European aircraft manufacturer Airbus has recently patented a new layout for its aircraft which would allow two tiers of seating.
The patents in question describe a way of stacking passengers on top of each other in order to maximize the use of space in an aircraft.
Airbus filed these patents with the US Patent and Trademark Office as well as the European Patent Office.
“In modern means of transport, in particular in aircraft, it is very important from an economic point of view to make optimum use of the available space in a passenger cabin,” the company explained in the filing.
Under this design, Business Class passengers in the middle rows of an aircraft would have a second row of passengers aligned above them in the dead space between the overhead baggage compartments.
Passengers on the higher level would reach their seats through the use of small, bunk-bed style ladders.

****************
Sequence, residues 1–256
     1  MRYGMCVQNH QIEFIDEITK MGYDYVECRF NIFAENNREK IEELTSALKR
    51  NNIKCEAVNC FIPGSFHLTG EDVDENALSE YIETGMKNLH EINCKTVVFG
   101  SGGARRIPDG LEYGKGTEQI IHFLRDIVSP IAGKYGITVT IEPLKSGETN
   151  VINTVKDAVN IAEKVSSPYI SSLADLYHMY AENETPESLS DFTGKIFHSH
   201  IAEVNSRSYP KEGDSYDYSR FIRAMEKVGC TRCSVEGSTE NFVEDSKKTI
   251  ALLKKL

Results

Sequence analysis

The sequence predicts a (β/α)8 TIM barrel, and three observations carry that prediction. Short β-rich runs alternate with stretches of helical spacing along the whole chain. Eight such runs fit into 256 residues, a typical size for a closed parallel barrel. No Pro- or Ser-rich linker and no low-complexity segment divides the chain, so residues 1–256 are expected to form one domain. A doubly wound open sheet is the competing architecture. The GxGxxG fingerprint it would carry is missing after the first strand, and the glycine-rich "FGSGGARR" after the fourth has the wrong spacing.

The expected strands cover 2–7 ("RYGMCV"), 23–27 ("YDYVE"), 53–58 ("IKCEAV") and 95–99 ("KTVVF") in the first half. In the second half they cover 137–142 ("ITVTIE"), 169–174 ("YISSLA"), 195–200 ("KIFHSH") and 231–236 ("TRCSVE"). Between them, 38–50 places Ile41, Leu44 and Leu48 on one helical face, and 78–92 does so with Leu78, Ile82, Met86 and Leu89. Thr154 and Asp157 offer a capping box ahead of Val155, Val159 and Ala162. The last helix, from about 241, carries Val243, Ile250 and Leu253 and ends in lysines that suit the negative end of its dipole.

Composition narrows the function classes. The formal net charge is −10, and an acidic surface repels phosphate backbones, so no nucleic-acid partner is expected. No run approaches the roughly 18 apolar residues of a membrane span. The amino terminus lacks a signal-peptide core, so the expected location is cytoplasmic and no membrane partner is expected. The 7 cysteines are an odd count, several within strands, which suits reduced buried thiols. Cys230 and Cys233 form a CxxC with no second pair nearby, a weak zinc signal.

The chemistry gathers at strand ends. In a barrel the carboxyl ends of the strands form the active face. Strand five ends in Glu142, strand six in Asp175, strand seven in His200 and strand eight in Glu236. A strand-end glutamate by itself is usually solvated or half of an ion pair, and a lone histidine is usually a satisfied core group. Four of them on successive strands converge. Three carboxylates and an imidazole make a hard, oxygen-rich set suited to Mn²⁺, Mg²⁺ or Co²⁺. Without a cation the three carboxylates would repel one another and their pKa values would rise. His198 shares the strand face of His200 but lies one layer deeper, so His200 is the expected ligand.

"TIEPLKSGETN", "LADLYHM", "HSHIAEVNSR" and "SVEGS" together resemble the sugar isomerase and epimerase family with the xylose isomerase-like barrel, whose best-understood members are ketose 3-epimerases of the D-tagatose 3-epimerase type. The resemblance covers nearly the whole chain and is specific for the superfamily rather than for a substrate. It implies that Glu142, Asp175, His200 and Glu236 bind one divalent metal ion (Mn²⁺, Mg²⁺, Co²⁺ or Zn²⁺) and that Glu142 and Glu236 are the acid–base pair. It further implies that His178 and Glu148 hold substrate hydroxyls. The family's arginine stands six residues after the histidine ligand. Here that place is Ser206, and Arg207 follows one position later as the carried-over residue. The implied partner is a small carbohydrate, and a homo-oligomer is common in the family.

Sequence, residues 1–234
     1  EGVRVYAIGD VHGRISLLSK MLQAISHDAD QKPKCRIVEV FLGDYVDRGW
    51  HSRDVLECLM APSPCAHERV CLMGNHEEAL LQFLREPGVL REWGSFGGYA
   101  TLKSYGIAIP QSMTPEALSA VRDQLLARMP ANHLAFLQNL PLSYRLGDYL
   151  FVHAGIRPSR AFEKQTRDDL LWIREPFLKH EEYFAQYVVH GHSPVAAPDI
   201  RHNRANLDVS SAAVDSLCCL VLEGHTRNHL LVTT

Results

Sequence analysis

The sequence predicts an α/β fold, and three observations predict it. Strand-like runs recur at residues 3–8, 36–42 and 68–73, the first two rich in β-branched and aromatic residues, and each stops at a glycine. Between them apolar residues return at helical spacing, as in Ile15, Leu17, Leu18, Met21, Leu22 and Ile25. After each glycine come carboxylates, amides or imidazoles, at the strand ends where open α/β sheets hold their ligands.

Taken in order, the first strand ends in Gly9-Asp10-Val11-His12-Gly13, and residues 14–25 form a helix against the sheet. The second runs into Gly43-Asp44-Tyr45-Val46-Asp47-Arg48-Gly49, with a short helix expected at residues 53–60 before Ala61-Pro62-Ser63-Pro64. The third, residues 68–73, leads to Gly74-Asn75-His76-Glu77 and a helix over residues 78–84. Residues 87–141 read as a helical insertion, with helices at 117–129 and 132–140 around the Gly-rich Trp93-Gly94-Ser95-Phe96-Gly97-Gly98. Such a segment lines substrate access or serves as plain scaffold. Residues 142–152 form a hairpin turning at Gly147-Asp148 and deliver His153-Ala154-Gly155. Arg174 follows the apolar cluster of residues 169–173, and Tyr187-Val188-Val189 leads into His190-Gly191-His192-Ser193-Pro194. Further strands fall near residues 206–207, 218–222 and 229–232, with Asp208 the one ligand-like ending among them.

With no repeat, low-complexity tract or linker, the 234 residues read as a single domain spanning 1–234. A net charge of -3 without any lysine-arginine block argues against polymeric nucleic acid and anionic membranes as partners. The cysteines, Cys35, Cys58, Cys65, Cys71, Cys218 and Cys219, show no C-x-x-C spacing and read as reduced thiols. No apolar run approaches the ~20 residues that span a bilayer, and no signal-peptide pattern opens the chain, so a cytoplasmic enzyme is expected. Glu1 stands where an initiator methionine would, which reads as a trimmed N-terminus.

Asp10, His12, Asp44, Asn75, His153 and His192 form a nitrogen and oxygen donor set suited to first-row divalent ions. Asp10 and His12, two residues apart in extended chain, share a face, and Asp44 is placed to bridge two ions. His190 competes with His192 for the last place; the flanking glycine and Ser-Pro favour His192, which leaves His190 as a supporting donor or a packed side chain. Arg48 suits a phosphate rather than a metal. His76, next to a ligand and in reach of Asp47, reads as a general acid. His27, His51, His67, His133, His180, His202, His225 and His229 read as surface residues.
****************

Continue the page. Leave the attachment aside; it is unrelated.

While the design crams more people in to the same space, Airbus’s patents show both rows being able to fully recline their seats.
With such an arrangement, the company’s diagrams show that it would be able to seat an additional two passengers per row.
Airbus maintains that its new patented design “provides a high level of comfort”, but it is difficult to see how this arrangement will be better for already claustrophobic plane travel.
Indeed, their new design represents a significant reduction in the headroom of a passenger, something that has until now stayed reasonably static, while leg room declined.
This latest patent by Airbus, is the most recent in a series of bizarre designs intended to help aircraft crowd more passengers on each plane.
Driven by the ultra-competitive market for low-cost airlines, aircraft companies have also trademarked ways to ‘seat’ passengers in standing harnesses or in alternating forward and backwards arrangements to save space.
Despite this, none of these patents, including this most recent one by Airbus, have been implemented in new aircraft designs, perhaps due to fears of their rejection by customers.
Source: Michael Cruickshank, http://www.themanufacturer.com